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Author: Dr Jean Ayer, Consultant Dermatologist, University of Manchester, Manchester, United Kingdom. DermNet NZ Editor in Chief: Adjunct A/Prof Amanda Oakley, Dermatologist, Hamilton, New Zealand. Copy edited by Maria McGivern/Gus Mitchell. June 2018.
There are two types of ageing processes: intrinsic and extrinsic ageing.
Intrinsic ageing affects everyone, whatever their skin type. Extrinsic ageing affects people who are chronically exposed to sunlight — this is known as sun damage or photoageing. People who typically present with marked signs of photoageing include those who:
Premature ageing of the skin also affects tobacco smokers and those who have been chronically exposed to other environmental pollutants.
Intrinsic ageing is defined by the clinical, histological and physiological changes that occur in sun-protected areas of skin of older individuals. Intrinsic ageing can be compounded by other environmental factors.
UV radiation attacks the integrity of the skin.
The signs of intrinsic ageing begin at around 50–60 years of age. Women develop these signs earlier than men, which is attributed to a decrease in the protective effects of oestrogen during menopause.
Smoking exposes the skin to several damaging factors.
Nutrition is known to affect extrinsic ageing.
Intrinsically aged skin appears dry and pale, smooth, thin, transparent, and unblemished.
Extrinsic ageing, such as photoageing, is related to environmental factors. Extrinsic ageing was first reported at the end of the 19th century, and was then described as 'farmer's skin' or 'sailor’s skin'.
Sun-induced cutaneous changes vary considerably among individuals, reflecting inherent differences in vulnerability to sun exposure and repair capacity. Even among Caucasians, the appearance of photoaged skin of individuals with skin phototypes I–III often differs from that of individuals with skin phototypes IV–VI.
|Skin type||Skin colour||Effect of UV|
|I||White or freckled skin||Always burns, never tans|
|II||White skin||Usually burns, tans poorly|
|III||Olive skin||Sometimes burns mildly, gradually tans|
|IV||Light brown skin||Rarely burns, tans easily|
|V||Dark brown skin||Very rarely burns, tans very easily|
|VI||Black skin||Never burns, tans very easily|
The degree of photoageing is significantly affected by an individual’s ethnicity and Fitzpatrick phototype. Fair-skinned individuals of Northern European descent (Fitzpatrick phototypes I–III) are more prone to photoageing than individuals with skin of colour (Fitzpatrick phototypes IV–VI, which include people of African, African-American, Asian, and Latino or Hispanic descent), with melanin affording protection against sun-induced damage.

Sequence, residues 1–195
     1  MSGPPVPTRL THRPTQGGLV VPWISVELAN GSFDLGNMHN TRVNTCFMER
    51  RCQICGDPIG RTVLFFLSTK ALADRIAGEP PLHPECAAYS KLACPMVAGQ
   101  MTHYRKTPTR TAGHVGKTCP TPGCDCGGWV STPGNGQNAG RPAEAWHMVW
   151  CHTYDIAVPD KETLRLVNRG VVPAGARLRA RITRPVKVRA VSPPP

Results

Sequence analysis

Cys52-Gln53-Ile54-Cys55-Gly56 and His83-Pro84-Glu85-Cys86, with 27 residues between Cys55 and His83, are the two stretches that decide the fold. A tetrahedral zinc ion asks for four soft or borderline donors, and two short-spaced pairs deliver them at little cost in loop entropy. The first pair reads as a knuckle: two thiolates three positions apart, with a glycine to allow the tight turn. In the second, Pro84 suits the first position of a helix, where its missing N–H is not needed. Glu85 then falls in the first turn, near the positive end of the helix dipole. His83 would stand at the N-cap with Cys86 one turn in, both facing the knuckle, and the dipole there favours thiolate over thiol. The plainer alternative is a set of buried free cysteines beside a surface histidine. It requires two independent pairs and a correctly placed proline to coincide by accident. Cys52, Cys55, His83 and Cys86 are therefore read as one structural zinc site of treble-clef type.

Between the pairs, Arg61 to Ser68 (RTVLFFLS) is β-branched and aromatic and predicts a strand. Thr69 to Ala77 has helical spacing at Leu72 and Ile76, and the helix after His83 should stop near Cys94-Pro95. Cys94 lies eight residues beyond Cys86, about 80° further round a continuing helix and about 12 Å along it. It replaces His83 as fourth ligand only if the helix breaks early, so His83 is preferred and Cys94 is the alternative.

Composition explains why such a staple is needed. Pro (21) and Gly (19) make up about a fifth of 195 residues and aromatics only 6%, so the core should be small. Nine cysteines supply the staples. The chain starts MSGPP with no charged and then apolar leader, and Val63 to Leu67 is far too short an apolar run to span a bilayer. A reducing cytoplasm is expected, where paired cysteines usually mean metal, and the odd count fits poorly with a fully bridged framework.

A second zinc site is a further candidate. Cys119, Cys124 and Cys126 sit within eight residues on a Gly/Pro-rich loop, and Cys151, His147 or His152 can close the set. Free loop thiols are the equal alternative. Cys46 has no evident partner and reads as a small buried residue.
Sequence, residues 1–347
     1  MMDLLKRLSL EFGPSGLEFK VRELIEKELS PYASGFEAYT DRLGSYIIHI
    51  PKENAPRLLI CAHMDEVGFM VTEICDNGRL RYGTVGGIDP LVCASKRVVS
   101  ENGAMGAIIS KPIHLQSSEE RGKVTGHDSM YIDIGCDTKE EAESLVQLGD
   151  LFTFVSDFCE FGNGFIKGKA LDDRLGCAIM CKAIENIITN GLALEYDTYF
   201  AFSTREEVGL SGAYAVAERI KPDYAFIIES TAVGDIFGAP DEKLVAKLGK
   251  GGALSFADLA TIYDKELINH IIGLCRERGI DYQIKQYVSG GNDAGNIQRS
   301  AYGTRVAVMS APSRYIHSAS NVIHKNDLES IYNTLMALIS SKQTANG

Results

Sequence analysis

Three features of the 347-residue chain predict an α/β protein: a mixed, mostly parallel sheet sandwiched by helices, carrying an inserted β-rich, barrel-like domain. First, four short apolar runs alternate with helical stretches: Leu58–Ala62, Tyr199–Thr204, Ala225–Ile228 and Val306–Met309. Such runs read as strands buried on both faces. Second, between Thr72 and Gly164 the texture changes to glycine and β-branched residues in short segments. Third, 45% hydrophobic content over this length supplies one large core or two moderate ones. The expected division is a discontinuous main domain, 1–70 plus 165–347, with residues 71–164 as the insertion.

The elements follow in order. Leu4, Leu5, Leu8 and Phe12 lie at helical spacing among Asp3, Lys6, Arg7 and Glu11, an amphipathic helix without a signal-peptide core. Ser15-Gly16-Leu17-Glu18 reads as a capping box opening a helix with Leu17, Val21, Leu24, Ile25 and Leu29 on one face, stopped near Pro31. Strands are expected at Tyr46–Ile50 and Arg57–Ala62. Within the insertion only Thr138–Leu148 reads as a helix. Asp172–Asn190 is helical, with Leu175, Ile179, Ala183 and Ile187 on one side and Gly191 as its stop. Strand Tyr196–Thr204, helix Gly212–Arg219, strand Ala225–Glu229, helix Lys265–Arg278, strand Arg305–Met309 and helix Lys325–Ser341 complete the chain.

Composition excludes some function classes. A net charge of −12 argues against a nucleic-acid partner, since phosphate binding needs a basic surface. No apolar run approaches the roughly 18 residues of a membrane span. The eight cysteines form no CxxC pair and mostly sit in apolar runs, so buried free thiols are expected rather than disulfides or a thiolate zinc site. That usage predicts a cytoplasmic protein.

In white Caucasians, severe facial photoageing tends to result in two phenotypes:
Individuals with Fitzpatrick phototypes III (and, to some extent, phototype IV skin) tend to show hypertrophic responses; while those with phototypes I and II tend towards the atrophic phenotype.
|Features||Atrophic photoageing||Hypertrophic photoageing|
|Texture||Smooth, thin||Rough, leathery|
|Appearance||Shiny skin||Sallow skin|
|Vasculature||Telangiectasia and senile purpura are common||Minimal, or absent, vascular changes|
|Dysplastic changes||Actinic keratoses, basal cell carcinomas, and squamous cell carcinomas are common||Actinic keratoses, basal cell carcinomas, and squamous cell carcinomas are uncommon|
|Other||Poikiloderma of Civatte||Associated with Favre-Racouchot syndrome|
Dermatoporosis is a term used to describe chronic cutaneous insufficiency and fragility associated with both intrinsic and extrinsic ageing. The features of dermatoporosis include:
The features of ageing skin are diagnosed clinically. Lesions suspicious of skin cancer present as growing lumps or sores that fail to heal. Such lesions often undergo diagnostic biopsy before or as part of treatment.
Procedures that aim to rejuvenate photoaged skin include:
Intrinsic ageing is inevitable. In perimenopausal women, systemic hormone replacement may delay skin thinning; the skin is less dry, with fewer wrinkles, and wound healing is faster than prior to treatment. Hormone replacement is less effective at improving skin ageing in the postmenopausal decades. The effects of topical oestrogens, phyto-oestrogens, and progestins are under investigation.
Protection from solar UV is essential at all ages. There are several steps that can be taken to minimise or avoid UV exposure.
Many oral supplements with antioxidant and anti-inflammatory properties have been advocated to retard skin ageing and to improve skin health. These include carotenoids; polyphenols; chlorophyll; aloe vera; vitamins B, C, and E; red ginseng; squalene; and omega-3 fatty acids. Their role in combatting skin ageing is unclear.
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